Thursday, April 2, 2015

That's the heart of inclusion.

The CDC estimates that autism rates have increased to 1 in 42 for boys and 1 in 68 for all children.
Know the signs and act early! If you have questions or concerns you can contact  the Early Development Network (me) or your local school district.

Did you know that red flags of autism can be seen as early as 18 months or before?
Do a screener here: M-CHAT

However what I really wanted to say is that I've seen autsim. I've seen more families that I can count off hand who have heard the words "your child has autism" I've been there in those delicate-emotional moments. I've seen devastation. I've seen hopelessness.
In those moments I am angry.
Angry that there are so many unknowns.
In those moments I am full of hope too!
I promise them.
It will be ok.
......and I mean it.
They don't believe me....
I promise them anyways.

Of all of my roles and responsibilities within my job, walking alongside a family helping them discover and believe for themselves that it is going to be ok is the most important, sometimes hard, but a life changing one.

I wish in those moments I could pause time for them and fast forward their lives a few years and show them how good things can be!

I've seen autism, not just at work, but in my own circle of family and friends.

It has been amazing to see how much it is impacting my children...
in a great way.
in a way that I couldn't do alone.

Kadence now knows more signs than I do! I love that!

I have been pondering sharing an email I sent her school staff a few months ago and this seems like the perfect day to do!
I mean every word of it.

We are shaping the future! 

Think about it.....

I have talked to Rachel about this before but after last weekend thought I would tell you all too....because it matters!

We had gone caroling and sang jiggle bells several times and Kadence had asked a few times "can I do the actions?" and I was like "Yes, whatever."  The next day she said mom you never watched my actions...and she signed jiggle bells (insert parenting fail from giving her the "whatever" answer the previous day!)!   That is awesome.  A few months ago, I was asking Benson what he wanted (he is not quite 2 yet) and she said "mom you have to show him" and did the sign for more and said "Benson, you want more?" I think she then signed like 10 other signs that she knew and I said "what when did you learn all of those?!"

Here's the thing, there are lessons that can't be taught from a book.  There are lots of discussions in all schools about the validity of inclusion.  There are pros and cons. I'm sure someone makes a list. I am sure some feel a child may be better served in a special classroom with specialized instruction and I am also sure there are some that suggest having a child who learns differently in the class room *Gasp* distracts the other children from learning.  I hear these conversations at work every day. What is best?  None of us have a crystal ball. None of us can know for sure.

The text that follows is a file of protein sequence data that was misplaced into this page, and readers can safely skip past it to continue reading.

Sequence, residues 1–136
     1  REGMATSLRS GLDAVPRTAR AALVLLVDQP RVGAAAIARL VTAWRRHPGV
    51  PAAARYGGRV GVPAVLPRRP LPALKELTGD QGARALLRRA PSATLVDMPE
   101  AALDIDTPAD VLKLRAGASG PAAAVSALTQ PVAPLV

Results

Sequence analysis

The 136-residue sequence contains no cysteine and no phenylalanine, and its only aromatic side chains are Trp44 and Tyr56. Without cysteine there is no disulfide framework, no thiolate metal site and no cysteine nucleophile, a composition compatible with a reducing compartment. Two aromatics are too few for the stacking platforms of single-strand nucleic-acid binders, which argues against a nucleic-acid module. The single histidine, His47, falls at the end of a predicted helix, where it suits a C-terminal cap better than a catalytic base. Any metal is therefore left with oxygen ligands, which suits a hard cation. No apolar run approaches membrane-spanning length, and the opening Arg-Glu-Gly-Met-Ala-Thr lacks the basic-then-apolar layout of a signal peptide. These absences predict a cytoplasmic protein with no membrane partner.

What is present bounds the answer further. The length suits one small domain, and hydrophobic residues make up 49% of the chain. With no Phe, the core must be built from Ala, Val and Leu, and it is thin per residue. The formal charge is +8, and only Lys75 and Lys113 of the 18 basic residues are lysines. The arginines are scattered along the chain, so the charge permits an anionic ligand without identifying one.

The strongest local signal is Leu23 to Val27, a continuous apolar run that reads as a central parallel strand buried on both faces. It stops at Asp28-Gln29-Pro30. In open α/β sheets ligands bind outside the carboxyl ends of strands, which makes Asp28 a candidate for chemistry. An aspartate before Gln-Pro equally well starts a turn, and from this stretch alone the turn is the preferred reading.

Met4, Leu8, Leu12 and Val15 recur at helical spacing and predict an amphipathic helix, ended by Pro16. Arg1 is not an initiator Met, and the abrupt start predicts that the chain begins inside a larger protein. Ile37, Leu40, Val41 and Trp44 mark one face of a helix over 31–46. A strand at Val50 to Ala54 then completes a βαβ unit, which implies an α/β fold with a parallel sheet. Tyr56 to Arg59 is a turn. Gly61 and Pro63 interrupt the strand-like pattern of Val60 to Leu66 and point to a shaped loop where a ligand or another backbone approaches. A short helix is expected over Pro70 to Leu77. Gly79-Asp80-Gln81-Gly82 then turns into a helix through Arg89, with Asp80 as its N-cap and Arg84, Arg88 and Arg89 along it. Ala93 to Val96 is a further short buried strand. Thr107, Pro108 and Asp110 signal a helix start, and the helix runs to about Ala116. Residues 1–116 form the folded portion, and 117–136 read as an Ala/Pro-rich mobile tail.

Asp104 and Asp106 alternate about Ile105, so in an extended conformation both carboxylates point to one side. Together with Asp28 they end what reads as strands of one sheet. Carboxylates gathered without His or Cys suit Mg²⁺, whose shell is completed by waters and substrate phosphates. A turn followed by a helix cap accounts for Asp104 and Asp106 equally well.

However what I do know....we are blessed to have a school that has embraced inclusion, not just on paper, not just in "percentage of time spent with peers", but really truly embraced it.  Teaching all the kids sign. Brilliant. You know how my six year old views someone who learns differently than her?  Me neither. It's not a "thing"  It's not "worthy" of talking about later. You know what that is? That's the heart of inclusion.

We are all different and no longer does different mean "less than."  These choices, made by parents to have their child in an inclusive classroom, the school to embrace it, these are the choices that will have more of an impact on who Kadence and her classmates become than any curriculum choice.  These are our future teachers, principals, Speech Pathologists, Law makers, Senators, Nurses, Employers, this is shaping how the world views others.  There are lessons that cannot be taught from a book no matter how hard we would try and I am eternally grateful that my kids are soaking it in.  Thank you. Thank you. Thank you. I know days aren't perfect. I know there are barriers, but wow look what we are all doing!  It's amazing.

 Jennifer Calahan